Depending on who you ask, this week saw a “hawkish skip” or a “dovish pause” from the FOMC, who declined to raise rates above their current target range of 5% to 5.25%. Most of the week was covered by the Fed’s blackout period, however members Goolsbee, Barkin and Waller gave short statements following Powell’s statement and press conference this past Wednesday.
We also got the June Summary of Economic Projections, so now there is a whole new set of dots for everyone to argue over. In general, the dots came in slightly higher than expected, showing a median of 5.625% for 2023. Also interesting — the center of gravity for 2024 and 2025 year-end rates has drifted higher since the March SEP, a dynamic we flagged as likely in our FOMC precap.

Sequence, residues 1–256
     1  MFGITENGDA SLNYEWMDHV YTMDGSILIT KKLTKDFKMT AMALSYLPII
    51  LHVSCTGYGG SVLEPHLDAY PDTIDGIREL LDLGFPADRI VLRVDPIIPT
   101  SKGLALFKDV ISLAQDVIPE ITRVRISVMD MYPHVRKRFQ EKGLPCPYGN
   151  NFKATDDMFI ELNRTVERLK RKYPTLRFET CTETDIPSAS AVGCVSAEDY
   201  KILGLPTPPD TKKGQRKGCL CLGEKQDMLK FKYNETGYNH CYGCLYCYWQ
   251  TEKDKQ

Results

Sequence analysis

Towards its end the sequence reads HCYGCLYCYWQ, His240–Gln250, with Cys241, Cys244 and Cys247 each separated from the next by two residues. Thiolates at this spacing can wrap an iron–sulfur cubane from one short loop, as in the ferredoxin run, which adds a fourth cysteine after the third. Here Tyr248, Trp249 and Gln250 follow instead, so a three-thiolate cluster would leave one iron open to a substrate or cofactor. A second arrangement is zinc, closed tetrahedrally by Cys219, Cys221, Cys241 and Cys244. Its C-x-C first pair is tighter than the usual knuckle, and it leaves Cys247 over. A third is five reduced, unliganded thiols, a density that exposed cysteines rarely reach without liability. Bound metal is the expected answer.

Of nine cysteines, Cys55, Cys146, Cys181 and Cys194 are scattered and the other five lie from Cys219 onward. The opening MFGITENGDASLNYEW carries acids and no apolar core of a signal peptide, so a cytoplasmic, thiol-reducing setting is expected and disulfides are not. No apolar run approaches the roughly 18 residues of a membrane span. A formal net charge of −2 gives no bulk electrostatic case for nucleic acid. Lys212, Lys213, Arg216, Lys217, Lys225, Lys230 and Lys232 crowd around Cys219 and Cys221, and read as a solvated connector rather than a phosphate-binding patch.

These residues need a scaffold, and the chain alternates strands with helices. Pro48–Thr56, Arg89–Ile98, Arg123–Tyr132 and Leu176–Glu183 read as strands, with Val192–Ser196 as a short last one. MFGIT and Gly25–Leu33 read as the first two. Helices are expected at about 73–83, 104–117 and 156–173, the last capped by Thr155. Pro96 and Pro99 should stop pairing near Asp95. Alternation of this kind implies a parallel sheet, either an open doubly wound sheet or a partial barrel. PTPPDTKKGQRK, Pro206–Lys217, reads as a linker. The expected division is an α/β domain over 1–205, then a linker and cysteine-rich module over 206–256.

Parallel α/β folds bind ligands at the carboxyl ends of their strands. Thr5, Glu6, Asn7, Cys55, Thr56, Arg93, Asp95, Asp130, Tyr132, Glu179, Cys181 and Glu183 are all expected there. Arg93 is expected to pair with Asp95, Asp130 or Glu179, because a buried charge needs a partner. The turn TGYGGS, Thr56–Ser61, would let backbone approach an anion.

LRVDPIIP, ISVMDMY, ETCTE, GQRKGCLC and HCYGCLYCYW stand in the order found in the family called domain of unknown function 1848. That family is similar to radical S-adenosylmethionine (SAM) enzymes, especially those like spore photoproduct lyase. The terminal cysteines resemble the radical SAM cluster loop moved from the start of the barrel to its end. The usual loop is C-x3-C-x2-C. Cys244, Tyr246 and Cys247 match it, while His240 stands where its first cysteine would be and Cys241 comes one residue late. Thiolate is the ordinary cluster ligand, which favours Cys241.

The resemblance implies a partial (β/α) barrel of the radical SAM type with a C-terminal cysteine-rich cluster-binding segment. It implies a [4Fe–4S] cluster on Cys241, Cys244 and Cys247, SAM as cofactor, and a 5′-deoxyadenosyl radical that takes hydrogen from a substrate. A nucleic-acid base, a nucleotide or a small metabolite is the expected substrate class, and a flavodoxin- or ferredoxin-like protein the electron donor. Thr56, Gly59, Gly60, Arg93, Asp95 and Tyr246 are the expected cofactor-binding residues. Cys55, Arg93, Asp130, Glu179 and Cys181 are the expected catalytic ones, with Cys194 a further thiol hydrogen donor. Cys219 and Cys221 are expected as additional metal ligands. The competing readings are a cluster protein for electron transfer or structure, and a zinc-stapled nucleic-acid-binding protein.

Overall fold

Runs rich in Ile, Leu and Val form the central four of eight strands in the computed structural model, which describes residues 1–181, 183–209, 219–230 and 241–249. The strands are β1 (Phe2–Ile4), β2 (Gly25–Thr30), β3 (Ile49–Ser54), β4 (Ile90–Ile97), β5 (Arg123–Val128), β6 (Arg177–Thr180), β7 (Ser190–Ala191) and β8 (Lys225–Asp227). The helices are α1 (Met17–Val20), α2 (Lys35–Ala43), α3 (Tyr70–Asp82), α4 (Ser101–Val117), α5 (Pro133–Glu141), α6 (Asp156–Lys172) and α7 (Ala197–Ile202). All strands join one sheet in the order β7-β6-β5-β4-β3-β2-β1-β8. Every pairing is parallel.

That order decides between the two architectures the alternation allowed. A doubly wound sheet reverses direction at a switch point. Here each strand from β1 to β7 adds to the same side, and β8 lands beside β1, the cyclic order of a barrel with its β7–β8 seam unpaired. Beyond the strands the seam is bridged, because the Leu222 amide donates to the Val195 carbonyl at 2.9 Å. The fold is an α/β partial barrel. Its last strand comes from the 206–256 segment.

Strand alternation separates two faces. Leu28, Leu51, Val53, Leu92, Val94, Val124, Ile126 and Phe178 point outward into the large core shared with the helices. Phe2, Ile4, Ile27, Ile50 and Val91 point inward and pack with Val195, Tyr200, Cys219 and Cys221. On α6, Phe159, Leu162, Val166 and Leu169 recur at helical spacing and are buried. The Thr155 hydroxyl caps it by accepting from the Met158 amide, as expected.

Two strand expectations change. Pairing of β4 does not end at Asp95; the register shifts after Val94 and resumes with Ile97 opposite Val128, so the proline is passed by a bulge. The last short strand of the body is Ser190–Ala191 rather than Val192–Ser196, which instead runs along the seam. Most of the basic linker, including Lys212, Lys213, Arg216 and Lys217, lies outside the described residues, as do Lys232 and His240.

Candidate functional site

Overall, our projection of the June SEP was largely accurate, and the divergences are informative. The differences between the realized and projected could be explained as follows: We had predicted that, in order for the FOMC to get to a unanimous statement of a pause or skip, they would have had to placate hawks in the committee by trading further rate hikes later this year; we had expected that that horse-trading would take the form of locking down one additional rate hike as this year’s base case, when in fact it seems to have taken the form of penciling in up to two additional rate hikes somewhere over the course of the next four meetings.